• Perhaps unsurprisingly, Taylor Swift was named Time Magazine’s Person of the Year 2023. The news left many of her ardent supporters jubilant over the news, yet flummoxed about what a “magazine” is.
    • NASCAR and the English Premier League each strike media rights deals valued at approximately $8 billion, marking just the second thing the two have in common besides flag signals.
    • NCAA president Charlie Baker circulated a letter to Division I member colleges and universities, proposing the creation of “enhanced educational trust funds” that would enable athletic departments to pay athletes directly (rather than athletes needing to be approached with the nudge/wink deals that have emerged in the NIL era). It’s a concept so logical and reasonable that the NCAA is almost certainly going to mess it up.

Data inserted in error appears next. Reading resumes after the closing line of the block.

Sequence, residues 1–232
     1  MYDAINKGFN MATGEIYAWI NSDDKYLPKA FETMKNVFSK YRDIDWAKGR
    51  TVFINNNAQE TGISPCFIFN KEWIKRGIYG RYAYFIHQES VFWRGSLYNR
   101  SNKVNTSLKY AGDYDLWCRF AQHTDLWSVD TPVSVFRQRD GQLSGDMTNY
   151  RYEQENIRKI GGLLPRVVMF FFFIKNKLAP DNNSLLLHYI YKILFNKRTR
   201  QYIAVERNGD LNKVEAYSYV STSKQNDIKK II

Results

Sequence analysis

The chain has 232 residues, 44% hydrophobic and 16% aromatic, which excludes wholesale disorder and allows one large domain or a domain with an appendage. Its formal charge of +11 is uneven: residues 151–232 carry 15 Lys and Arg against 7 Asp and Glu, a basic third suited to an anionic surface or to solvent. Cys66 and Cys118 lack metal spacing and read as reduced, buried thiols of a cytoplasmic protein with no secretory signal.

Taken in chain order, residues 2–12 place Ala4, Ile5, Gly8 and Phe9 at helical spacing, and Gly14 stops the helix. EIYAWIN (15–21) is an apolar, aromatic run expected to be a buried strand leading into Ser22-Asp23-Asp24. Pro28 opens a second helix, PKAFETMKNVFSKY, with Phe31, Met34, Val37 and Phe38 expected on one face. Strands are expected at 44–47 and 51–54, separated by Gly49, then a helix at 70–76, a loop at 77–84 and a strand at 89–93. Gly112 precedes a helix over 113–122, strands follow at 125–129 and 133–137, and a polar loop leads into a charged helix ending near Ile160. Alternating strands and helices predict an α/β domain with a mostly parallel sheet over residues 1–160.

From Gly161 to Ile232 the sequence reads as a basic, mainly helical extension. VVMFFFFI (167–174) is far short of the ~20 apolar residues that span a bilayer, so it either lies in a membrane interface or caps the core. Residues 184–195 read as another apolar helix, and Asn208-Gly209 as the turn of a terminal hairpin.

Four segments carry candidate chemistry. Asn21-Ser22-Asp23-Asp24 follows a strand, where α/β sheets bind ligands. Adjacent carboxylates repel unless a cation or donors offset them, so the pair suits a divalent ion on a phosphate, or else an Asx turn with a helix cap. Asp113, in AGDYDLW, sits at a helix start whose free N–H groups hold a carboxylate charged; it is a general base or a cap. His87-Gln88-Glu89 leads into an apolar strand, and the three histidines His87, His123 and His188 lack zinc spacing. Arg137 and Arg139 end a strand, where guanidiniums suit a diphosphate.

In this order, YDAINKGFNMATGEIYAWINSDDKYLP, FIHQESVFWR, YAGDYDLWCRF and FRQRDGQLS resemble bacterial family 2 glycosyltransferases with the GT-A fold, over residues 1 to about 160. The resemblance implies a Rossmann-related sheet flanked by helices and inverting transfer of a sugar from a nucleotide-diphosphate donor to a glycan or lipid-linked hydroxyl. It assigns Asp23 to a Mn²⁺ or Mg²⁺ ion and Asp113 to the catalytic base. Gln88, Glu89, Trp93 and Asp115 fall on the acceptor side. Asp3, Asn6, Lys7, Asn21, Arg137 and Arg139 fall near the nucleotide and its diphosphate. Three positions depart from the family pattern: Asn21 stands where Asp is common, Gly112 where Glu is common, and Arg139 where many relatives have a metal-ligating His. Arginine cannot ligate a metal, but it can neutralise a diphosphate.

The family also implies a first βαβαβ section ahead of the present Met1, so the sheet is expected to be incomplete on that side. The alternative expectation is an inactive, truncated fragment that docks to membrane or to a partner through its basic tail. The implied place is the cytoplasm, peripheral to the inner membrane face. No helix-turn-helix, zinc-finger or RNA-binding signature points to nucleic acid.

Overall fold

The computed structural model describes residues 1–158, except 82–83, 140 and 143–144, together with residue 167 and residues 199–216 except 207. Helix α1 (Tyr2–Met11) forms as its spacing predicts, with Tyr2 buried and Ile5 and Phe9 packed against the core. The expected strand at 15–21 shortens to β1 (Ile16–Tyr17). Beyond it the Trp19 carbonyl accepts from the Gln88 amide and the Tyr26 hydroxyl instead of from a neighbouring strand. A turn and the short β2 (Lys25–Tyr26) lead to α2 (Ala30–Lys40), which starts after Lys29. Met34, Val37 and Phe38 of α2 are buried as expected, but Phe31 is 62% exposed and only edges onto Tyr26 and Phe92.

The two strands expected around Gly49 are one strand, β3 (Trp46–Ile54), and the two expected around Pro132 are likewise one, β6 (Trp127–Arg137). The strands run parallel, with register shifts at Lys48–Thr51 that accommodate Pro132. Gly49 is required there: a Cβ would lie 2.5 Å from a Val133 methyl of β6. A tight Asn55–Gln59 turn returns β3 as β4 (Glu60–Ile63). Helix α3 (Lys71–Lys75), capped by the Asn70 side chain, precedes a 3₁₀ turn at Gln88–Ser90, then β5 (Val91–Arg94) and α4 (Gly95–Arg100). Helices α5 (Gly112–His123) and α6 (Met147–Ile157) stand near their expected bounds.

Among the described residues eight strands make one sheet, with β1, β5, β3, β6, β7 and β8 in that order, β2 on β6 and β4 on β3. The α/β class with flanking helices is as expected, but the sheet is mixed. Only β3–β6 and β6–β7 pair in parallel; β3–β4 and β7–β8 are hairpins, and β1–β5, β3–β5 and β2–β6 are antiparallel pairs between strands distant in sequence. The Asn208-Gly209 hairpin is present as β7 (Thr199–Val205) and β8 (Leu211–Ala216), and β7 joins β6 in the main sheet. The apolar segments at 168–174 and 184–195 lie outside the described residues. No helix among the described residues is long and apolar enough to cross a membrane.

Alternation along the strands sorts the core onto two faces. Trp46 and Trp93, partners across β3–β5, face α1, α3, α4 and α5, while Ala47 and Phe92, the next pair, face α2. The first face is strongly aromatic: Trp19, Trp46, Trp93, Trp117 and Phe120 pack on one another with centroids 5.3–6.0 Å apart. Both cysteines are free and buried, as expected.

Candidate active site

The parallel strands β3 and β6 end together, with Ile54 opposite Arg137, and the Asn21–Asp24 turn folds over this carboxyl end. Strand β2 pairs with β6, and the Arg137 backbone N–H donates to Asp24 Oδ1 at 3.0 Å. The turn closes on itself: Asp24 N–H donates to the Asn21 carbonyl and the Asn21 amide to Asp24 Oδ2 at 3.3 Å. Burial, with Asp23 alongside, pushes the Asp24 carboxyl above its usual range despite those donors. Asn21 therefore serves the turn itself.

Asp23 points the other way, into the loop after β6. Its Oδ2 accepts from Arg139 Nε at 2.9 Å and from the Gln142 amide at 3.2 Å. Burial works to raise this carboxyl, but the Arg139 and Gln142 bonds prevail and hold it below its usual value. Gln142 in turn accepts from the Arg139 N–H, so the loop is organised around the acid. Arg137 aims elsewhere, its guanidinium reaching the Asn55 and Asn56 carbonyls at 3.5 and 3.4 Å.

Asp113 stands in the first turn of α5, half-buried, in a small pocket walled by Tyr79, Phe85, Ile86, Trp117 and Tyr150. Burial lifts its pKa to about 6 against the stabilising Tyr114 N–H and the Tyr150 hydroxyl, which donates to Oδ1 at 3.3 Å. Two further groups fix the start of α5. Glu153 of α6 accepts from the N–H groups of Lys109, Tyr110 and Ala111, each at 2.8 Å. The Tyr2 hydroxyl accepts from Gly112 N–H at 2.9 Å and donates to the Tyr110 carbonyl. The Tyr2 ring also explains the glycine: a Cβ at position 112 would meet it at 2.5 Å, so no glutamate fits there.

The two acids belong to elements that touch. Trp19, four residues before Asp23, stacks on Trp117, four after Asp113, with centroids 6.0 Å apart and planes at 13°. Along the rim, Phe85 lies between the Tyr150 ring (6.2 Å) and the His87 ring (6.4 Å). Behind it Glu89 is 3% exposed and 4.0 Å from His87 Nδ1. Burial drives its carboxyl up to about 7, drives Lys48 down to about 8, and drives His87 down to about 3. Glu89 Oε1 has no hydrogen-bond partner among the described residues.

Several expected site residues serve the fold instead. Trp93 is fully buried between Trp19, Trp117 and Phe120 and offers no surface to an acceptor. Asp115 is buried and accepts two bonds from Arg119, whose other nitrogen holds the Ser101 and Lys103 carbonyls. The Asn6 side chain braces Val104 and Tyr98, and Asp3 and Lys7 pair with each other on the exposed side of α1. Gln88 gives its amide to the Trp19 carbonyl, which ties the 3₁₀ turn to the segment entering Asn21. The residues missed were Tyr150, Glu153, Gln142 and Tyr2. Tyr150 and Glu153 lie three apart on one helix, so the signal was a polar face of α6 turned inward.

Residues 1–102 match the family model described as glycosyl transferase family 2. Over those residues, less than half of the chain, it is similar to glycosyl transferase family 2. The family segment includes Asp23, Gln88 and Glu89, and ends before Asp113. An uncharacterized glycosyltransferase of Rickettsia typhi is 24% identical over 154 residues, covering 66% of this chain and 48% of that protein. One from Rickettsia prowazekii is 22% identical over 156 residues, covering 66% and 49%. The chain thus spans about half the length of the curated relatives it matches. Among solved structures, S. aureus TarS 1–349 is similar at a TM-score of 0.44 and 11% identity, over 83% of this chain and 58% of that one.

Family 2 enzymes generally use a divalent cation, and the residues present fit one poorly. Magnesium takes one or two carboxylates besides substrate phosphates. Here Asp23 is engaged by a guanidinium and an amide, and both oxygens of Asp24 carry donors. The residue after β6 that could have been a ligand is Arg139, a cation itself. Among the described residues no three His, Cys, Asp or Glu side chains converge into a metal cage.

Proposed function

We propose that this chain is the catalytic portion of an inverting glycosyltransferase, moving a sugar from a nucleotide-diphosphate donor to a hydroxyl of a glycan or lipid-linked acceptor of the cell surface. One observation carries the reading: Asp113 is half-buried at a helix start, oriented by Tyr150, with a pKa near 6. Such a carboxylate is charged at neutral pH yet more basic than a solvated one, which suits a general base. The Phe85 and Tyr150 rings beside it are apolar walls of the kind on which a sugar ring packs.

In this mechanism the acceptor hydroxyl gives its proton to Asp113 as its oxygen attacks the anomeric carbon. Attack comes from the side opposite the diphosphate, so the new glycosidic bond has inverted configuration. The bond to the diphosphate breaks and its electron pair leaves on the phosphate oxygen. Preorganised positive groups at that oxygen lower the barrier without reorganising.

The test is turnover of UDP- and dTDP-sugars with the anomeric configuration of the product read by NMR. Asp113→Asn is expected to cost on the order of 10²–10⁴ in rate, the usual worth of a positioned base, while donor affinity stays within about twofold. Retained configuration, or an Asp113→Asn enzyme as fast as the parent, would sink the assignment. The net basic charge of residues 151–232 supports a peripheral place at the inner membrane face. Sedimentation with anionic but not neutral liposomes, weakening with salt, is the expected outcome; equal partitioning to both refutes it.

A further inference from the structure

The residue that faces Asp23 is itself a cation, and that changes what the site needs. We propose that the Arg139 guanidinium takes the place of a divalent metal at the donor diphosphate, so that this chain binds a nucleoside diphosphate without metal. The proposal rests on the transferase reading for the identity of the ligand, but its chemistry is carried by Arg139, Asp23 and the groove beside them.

Welcome back to the Spotlight! If you’re reading this week, it means that you managed to pull yourself away from your Spotify Wrapped year-end summary. As for your Spotlight Wrapped, I would like to think that your laughs over the past year have been immeasurable (or at the very least, existent) as you’ve joined me for nearly forty installments. Amongst those mentioned most frequently are Lionel Messi and Taylor Swift – the latter being, to no one’s surprise, also the most popular recording artist on Spotify.  Someone whose name has not appeared in the Spotlight this year (until now, that is) is billionaire entrepreneur, owner of the Dallas Mavericks and star of “Shark Tank,” Mark Cuban. After the news of this past week, his introduction is going to change yet again, as Cuban not only announced that the upcoming sixteenth season of “Shark Tank” would be his last, but also that he is selling a majority ownership stake in the Mavericks to the Adelson family’s Las Vegas Sands Corp for a cool $2 billion.  What’s more is that Cuban is going to be retaining full control over basketball operations, all the while presumably lobbying Texas legislators to legalize gambling so as to allow him to fulfill his dream of building a new Dallas stadium complex wrapped within a hotel and casino. I do hope we get to see that someday, too. For now, let’s build upon your 2023 Spotlight Wrapped stats: